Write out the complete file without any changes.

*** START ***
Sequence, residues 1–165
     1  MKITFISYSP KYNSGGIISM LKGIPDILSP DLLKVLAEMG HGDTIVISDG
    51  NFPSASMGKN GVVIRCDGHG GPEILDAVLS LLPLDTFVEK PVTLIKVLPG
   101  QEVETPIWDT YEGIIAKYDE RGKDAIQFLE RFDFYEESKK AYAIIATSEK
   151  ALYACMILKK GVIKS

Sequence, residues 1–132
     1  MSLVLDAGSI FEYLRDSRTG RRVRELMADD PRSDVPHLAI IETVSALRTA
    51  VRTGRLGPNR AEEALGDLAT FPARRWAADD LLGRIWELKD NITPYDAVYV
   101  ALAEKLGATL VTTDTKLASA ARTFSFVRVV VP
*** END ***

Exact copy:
Sequence, residues 1–165
     1  MKITFISYSP KYNSGGIISM LKGIPDILSP DLLKVLAEMG HGDTIVISDG
    51  NFPSASMGKN GVVIRCDGHG GPEILDAVLS LLPLDTFVEK PVTLIKVLPG
   101  QEVETPIWDT YEGIIAKYDE RGKDAIQFLE RFDFYEESKK AYAIIATSEK
   151  ALYACMILKK GVIKS

Sequence, residues 1–132
     1  MSLVLDAGSI FEYLRDSRTG RRVRELMADD PRSDVPHLAI IETVSALRTA
    51  VRTGRLGPNR AEEALGDLAT FPARRWAADD LLGRIWELKD NITPYDAVYV
   101  ALAEKLGATL VTTDTKLASA ARTFSFVRVV VP